etc.) and certain kinds of generalized number systems (skew fields,
etc). But that doesn't make them foundations. If you think that any
theorem about numbers or geometrical figures is foundations, then you
would have to classify all of number theory, e.g. Wiles' theorem, as
foundations. I can't agree with such a classification. What
distinguishes foundational stuff from non-foundational stuff is: how
close is it to the base of the conceptual hierarchy.
> I am also sympathetic with Anand's point about cohomology. While
> you are right that cohomology is a mathematical tool with
> mathematical applications, one might wonder about the
> meta-mathematical significance of the pervasive role of cohomology
> in modern mathematics.
Yes, one can wonder about the metamathematical significance of
cohomology, but such speculations are a far cry from systematic
foundations of mathematics. The term "foundations of mathematics" has
a definite scope, and cohomology simply isn't included in that scope,
at least not in the present state of knowledge.
> My guess is that most mathematicians simply view the foundations as
> "done". ZFC provides a strong enough system (which is probably
> consistent) to prove any theorem which is currently accepted as
> proven. If forced any result they want to prove can be traced back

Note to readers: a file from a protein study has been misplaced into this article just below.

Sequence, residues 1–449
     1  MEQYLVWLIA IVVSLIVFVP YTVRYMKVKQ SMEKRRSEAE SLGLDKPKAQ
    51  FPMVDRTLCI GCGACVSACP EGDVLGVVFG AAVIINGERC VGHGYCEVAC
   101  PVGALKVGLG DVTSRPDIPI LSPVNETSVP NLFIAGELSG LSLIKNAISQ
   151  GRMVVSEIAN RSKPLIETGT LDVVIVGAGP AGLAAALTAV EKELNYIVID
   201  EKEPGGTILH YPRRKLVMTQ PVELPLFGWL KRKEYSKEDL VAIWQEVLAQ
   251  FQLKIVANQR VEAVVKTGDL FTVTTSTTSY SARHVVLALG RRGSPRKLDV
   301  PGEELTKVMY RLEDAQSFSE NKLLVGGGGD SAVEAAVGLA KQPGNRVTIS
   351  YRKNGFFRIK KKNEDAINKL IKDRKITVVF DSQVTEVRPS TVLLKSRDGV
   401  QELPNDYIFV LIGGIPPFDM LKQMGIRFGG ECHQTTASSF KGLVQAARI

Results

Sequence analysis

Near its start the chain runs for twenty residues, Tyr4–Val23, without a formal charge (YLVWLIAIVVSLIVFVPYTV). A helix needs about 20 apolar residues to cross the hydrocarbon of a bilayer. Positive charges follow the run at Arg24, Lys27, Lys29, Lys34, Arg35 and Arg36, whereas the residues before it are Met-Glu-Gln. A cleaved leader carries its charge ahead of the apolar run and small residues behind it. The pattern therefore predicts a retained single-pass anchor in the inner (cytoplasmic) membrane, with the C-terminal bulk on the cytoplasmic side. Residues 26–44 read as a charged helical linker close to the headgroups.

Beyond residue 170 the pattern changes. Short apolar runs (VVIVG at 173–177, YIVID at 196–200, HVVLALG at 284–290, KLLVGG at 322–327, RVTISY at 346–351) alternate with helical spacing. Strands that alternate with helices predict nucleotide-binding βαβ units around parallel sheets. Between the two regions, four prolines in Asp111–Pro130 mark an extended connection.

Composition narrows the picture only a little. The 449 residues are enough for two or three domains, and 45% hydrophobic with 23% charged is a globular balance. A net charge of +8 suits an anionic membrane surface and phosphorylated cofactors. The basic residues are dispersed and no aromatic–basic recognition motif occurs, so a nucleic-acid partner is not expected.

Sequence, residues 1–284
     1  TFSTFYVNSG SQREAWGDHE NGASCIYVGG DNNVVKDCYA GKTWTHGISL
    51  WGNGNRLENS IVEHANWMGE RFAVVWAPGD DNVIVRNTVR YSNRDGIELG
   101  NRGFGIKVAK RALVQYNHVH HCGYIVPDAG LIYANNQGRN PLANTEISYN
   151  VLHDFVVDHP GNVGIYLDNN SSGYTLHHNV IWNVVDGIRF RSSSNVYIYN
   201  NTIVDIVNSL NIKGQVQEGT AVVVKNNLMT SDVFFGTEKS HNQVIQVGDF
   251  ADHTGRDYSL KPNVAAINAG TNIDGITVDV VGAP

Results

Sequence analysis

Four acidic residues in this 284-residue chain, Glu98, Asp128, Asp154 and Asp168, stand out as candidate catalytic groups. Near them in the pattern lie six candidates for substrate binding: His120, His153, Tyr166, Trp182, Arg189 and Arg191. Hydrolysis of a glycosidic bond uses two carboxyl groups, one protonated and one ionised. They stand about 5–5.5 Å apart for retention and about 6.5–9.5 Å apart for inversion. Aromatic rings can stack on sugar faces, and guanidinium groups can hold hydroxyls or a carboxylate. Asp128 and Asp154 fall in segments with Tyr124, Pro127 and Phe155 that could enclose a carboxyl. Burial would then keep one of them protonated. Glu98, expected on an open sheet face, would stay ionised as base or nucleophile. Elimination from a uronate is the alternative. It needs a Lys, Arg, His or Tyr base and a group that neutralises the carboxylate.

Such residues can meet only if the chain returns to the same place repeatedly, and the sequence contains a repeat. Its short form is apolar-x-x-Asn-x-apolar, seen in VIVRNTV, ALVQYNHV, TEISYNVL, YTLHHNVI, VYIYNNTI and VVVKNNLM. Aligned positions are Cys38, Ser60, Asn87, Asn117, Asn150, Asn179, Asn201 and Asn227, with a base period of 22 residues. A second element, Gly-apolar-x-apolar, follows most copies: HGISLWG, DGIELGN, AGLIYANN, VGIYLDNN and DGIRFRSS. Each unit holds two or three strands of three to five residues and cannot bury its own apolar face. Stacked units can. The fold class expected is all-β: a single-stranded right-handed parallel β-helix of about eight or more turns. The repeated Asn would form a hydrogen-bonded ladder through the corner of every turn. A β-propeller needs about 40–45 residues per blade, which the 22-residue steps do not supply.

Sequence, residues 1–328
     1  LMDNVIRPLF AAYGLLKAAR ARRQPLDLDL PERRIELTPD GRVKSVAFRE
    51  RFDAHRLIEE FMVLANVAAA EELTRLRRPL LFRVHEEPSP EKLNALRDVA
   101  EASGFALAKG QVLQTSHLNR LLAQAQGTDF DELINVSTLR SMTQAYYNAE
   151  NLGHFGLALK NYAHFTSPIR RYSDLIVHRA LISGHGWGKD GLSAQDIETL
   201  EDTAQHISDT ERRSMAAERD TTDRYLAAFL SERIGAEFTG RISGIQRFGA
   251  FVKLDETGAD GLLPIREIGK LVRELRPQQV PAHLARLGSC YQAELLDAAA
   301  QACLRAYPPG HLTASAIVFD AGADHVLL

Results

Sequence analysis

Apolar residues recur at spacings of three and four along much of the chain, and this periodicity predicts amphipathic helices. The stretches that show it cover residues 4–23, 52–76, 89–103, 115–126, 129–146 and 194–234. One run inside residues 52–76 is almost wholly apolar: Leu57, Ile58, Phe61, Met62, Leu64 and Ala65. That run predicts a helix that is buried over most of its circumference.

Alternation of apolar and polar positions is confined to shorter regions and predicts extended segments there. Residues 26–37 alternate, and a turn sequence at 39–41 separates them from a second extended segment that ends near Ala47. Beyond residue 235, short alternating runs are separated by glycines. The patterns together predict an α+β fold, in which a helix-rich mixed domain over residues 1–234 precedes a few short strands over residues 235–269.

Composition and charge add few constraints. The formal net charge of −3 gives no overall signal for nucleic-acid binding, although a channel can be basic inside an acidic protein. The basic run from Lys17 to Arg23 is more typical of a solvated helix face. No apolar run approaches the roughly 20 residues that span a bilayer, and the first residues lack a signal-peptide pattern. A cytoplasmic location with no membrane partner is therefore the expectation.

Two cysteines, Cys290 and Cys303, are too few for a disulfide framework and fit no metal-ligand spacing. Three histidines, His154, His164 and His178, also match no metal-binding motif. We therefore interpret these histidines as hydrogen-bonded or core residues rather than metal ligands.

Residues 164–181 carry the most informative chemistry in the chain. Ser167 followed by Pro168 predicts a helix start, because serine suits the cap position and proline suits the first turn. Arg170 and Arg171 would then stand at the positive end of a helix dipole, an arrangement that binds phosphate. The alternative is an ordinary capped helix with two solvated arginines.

> to a formal proof in ZFC, so there is no need to worry about
> foundational questions and they can carry on.
Yes, many mathematicians do hold this extremely unenlightened and
dysfunctional view of foundations. I blame Bourbaki's influence for
this lack of serious interest in foundations. There was an article in
the JSL by Bourbaki which promulgated exactly this view, in an
incredibly crude way. I have never forgiven Bourbaki.
> What convincing argument do you give them that they should care that
> their results can be proved in a much weaker system?
There are plenty of valid arguments, but my experience is that
mathematicians influenced by Bourbaki are typically very closed-minded
when it comes to anything outside pure mathematics (present company
excepted!). They can't be convinced if they don't want to be
convinced.
> As for "reverse mathematics".
> -First from a (unviersity wide) intellectual level: While the existence
> of such
> a classificaton is interesting: a)Why is this true? What does this tell
> us about mathematics. ( I mean what does it tell us about mathematical
> knowledge and the activity of doing mathematics, rather than what
> mathematical knowledge
> do we gain)
Yes, this is an interesting question on a "university-wide" level.
This question is discussed in my book. But note: this kind of
question is totally uninteresting to mathematicians of the dogmatic
Bourbaki-ZFC stripe.
Lou van den Dries writes:
> I don't think Atyiah and Horgan should be mentioned in the same breath.